Acts 23:23 Parallel Verses [⇓ See commentary ⇓]

Acts 23:23, NIV: "Then he called two of his centurions and ordered them, 'Get ready a detachment of two hundred soldiers, seventy horsemen and two hundred spearmen to go to Caesarea at nine tonight."

Acts 23:23, ESV: "Then he called two of the centurions and said, “Get ready two hundred soldiers, with seventy horsemen and two hundred spearmen to go as far as Caesarea at the third hour of the night."

Acts 23:23, KJV: "And he called unto him two centurions, saying, Make ready two hundred soldiers to go to Caesarea, and horsemen threescore and ten, and spearmen two hundred, at the third hour of the night;"

Acts 23:23, NASB: "And he called to him two of the centurions and said, 'Get two hundred soldiers ready by the third hour of the night to proceed to Caesarea, with seventy horsemen and two hundred spearmen.'"

Acts 23:23, NLT: "Then the commander called two of his officers and ordered, 'Get 200 soldiers ready to leave for Caesarea at nine o'clock tonight. Also take 200 spearmen and 70 mounted troops."

Acts 23:23, CSB: "He summoned two of his centurions and said, "Get two hundred soldiers ready with seventy cavalry and two hundred spearmen to go to Caesarea at nine tonight."

What does Acts 23:23 mean? [⇑ See verse text ⇑]

Paul is in custody in the Roman barracks in Jerusalem. The tribune Lysias—the commanding officer—has spent three days trying to figure out why a mob of Jews attacked Paul in the temple and if Paul committed a crime (Acts 21:27–34). Now, Paul's nephew has warned the tribune that the Sanhedrin conspired with forty assassins to kill Paul (Acts 23:12–22). Lysias realizes that not only can he not uncover what happened, but he can't keep Paul safe without causing an incident. Knowing the governor would prefer to avoid Roman soldiers fighting Jewish civilians, Lysias sends Paul to the governor with a large enough escort to make sure he gets there.

"Tribune" is a title for different offices. Those in the military were generally responsible for logistics and administration and could be called to lead units in battle. Originally, tribunes protected the poor and those with no voting rights from the rich voters. By this time, tribunes were often 27–year-olds taking a year of military service to help them in their future positions in government.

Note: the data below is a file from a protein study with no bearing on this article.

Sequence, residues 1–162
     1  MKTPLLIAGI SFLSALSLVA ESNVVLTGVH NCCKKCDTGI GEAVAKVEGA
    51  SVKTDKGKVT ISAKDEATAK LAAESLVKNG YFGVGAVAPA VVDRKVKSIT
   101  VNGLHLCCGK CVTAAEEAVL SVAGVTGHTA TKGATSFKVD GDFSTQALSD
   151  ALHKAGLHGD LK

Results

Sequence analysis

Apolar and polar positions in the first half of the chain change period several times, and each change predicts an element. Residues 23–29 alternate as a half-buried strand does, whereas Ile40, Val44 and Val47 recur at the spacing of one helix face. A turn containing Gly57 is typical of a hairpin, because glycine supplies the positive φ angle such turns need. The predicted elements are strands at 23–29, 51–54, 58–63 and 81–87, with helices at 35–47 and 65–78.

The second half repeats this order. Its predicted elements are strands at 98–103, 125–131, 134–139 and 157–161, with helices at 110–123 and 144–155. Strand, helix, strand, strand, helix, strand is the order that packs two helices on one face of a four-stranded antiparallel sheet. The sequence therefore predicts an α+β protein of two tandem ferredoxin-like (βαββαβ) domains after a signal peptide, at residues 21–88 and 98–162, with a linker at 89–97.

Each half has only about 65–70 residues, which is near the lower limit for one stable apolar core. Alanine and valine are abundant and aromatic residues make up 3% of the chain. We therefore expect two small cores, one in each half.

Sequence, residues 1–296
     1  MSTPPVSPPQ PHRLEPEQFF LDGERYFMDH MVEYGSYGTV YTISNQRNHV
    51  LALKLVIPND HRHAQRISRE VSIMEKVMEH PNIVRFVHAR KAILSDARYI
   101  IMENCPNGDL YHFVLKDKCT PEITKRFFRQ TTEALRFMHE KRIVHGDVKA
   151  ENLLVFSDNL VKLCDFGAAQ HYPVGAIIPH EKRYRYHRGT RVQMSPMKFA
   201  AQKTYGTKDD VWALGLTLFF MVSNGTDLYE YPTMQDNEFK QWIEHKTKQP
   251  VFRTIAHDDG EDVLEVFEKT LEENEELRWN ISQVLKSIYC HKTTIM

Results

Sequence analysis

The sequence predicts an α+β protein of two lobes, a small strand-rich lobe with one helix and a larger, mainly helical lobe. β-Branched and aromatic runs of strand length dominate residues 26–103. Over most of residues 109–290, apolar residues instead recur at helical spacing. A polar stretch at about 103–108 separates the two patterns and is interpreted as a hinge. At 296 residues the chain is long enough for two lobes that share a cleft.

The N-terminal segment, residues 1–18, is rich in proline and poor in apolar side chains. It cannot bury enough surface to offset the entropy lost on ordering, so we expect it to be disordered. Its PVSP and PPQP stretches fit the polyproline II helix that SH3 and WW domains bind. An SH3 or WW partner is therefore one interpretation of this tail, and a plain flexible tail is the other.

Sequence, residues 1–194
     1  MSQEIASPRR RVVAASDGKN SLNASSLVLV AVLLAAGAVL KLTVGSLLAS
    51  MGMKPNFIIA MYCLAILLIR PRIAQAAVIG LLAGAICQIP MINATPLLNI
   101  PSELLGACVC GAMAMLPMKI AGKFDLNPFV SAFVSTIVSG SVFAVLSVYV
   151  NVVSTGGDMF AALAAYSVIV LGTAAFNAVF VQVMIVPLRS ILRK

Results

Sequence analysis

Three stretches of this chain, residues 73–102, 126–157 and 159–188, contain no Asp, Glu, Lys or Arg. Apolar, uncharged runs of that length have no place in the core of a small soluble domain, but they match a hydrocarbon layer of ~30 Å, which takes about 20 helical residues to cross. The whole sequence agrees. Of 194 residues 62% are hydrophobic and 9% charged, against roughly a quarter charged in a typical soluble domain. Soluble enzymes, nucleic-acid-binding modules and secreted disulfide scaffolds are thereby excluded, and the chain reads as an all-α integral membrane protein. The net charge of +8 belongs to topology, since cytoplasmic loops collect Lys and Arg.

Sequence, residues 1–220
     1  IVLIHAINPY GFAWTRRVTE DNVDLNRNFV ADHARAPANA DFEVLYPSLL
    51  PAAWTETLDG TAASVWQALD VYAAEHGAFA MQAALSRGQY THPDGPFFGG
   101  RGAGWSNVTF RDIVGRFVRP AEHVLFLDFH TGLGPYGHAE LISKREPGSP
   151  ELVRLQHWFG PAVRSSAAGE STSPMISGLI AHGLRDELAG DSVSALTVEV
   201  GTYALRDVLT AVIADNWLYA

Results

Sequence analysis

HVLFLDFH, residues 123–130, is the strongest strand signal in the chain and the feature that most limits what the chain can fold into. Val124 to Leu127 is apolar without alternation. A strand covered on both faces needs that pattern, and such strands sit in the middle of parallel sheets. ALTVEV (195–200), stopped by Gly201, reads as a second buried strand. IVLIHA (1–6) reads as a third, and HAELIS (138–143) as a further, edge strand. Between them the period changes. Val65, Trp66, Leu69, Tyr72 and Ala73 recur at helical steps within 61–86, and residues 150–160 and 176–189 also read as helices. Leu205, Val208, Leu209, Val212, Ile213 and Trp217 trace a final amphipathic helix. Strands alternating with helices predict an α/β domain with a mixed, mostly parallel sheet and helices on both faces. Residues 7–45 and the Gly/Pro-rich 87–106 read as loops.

Centurions were army officers in charge of about 100 legionaries. Centurions have a very good reputation in Scripture. Jesus praised the faith of the centurion who insisted He could heal his servant at a distance and didn't have to enter his house (Matthew 8:5–13). A centurion at the crucifixion declared that Jesus must be the Son of God—or son of a god (Matthew 27:54). The centurion Cornelius was a devout Gentile who opened the doorway for Gentiles to follow Jesus (Acts 10). One of Lysias' centurions protected Paul from torture when he realized Paul was a Roman citizen (Acts 22:24–29). And when Paul sails to Rome, the commanding centurion will prevent the soldiers from killing him and the other prisoners during a storm (Acts 27:42–44).

Paul and his escort leave Jerusalem at 9 p.m. and travel forty-two miles to Antipatris near modern-day Tel Aviv. The next day, the soldiers and spearmen will return to Jerusalem while the horsemen take Paul on (Acts 23:31–32). The high priest, a few elders, and a spokesman/lawyer will arrive five days later. Their opportunity to murder Paul is gone, but they will still try to convince the governor to convict him of rioting and profaning a religious structure (Acts 24:1–9).